A Business Case for Executive Coaching

When executive coaching has clear and measurable outcomes, the results can have a distinct return on investment.

Typically, the desired outcomes include:

  • Accelerated development of critical leadership skills
  • Increased influence and business impact
  • Enhanced leadership presence
  • Improved collaboration with other functions

However, a recent “case study” exemplifies how “executive coaching” is overused. We were recently asked by a large client to coach/consult with a senior financial executive who is often abrupt and, at times, demeaning to coworkers and direct reports. When we asked our client whether the individual had been coached in the past, the human resource executive replied, “Yes, twice. Both engagements were considered unsuccessful.” In fact, over $30,000 had already been spent to rehabilitate (not coach) the financial officer. In addition, the financial executive was not considered to be “a people developer.”

Initiating a third coaching engagement with the financial officer appeared destined to fail. The executive was generally considered by colleagues to be incorrigible. Instead, we suggested a creative approach. We asked whether any of the financial executive’s direct reports were considered to be high-potential and/or probable successors. After learning that two were judged as high-potential, we suggested leadership development coaching programs for these individuals. By accelerating their leadership development, we would expect to increase their readiness for promotion.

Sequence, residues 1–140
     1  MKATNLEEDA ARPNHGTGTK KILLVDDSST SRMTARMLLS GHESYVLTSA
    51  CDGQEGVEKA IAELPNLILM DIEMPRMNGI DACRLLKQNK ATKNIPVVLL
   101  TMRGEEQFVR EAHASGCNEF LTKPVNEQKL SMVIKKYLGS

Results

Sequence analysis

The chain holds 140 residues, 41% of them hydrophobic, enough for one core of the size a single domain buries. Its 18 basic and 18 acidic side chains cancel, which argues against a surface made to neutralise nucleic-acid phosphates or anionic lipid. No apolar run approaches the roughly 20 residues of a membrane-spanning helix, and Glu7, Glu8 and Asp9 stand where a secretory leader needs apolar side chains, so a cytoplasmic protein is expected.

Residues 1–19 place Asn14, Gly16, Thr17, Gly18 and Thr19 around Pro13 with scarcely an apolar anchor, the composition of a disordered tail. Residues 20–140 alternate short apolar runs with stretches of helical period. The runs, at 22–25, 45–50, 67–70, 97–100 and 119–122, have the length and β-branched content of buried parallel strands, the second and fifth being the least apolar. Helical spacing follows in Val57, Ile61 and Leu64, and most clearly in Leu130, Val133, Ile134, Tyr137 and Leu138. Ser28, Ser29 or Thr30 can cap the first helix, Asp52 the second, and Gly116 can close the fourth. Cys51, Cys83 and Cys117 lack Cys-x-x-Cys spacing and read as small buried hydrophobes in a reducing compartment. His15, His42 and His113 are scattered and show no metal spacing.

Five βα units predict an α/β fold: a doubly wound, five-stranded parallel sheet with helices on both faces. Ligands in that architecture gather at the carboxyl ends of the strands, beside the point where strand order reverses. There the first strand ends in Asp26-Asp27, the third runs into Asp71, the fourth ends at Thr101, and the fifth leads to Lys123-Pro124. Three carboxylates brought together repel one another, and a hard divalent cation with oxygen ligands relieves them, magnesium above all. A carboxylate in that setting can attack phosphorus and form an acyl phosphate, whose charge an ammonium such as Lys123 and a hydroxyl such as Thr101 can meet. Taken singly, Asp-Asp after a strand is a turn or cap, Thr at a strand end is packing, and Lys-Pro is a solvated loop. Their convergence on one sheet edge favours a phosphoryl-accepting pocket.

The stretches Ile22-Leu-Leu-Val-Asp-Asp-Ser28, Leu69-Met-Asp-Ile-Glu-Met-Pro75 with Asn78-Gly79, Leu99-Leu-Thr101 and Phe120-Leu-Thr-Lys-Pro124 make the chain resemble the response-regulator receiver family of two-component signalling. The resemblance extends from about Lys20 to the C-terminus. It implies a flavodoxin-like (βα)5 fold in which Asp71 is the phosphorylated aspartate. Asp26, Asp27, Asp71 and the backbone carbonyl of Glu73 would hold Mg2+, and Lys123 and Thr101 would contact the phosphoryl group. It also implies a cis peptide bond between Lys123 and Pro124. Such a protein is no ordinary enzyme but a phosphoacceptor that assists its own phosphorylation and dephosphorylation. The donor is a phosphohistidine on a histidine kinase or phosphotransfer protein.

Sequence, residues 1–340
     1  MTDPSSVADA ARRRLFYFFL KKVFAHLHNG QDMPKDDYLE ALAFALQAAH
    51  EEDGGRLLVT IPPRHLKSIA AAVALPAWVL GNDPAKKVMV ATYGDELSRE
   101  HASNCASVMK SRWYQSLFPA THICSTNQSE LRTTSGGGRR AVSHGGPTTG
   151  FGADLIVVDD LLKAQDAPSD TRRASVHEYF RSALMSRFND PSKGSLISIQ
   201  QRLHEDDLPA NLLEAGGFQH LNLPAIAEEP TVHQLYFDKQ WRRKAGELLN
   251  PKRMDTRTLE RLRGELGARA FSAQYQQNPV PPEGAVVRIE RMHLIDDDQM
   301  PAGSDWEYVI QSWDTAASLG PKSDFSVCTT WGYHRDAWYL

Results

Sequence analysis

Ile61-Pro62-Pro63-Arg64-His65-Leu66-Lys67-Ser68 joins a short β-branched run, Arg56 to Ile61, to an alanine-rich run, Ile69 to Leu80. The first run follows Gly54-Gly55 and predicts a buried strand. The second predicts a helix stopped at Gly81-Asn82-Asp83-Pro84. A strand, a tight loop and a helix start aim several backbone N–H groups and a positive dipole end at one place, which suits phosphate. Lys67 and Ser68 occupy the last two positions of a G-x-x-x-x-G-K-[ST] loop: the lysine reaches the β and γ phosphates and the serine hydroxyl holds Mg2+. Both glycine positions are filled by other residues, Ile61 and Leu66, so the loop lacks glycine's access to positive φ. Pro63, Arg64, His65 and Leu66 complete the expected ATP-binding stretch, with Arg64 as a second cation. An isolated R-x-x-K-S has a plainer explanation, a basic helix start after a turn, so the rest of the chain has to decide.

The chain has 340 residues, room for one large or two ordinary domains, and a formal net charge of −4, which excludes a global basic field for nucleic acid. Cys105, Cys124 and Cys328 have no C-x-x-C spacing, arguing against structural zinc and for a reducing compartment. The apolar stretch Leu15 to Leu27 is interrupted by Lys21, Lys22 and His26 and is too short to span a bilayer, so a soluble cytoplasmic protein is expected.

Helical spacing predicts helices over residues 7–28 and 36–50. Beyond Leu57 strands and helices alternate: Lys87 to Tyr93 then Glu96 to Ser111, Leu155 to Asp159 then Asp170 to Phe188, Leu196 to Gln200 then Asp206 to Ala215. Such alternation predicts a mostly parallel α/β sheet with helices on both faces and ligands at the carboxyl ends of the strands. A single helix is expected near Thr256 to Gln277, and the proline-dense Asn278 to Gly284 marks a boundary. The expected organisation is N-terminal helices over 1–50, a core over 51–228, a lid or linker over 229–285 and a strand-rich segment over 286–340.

Our advice to the client was delivered with the intent to avoid “throwing good money after bad.” We often find clients seek coaching for individuals to “remove” ineffective and entrenched behaviors rather than to develop new leadership capabilities or to reinforce.

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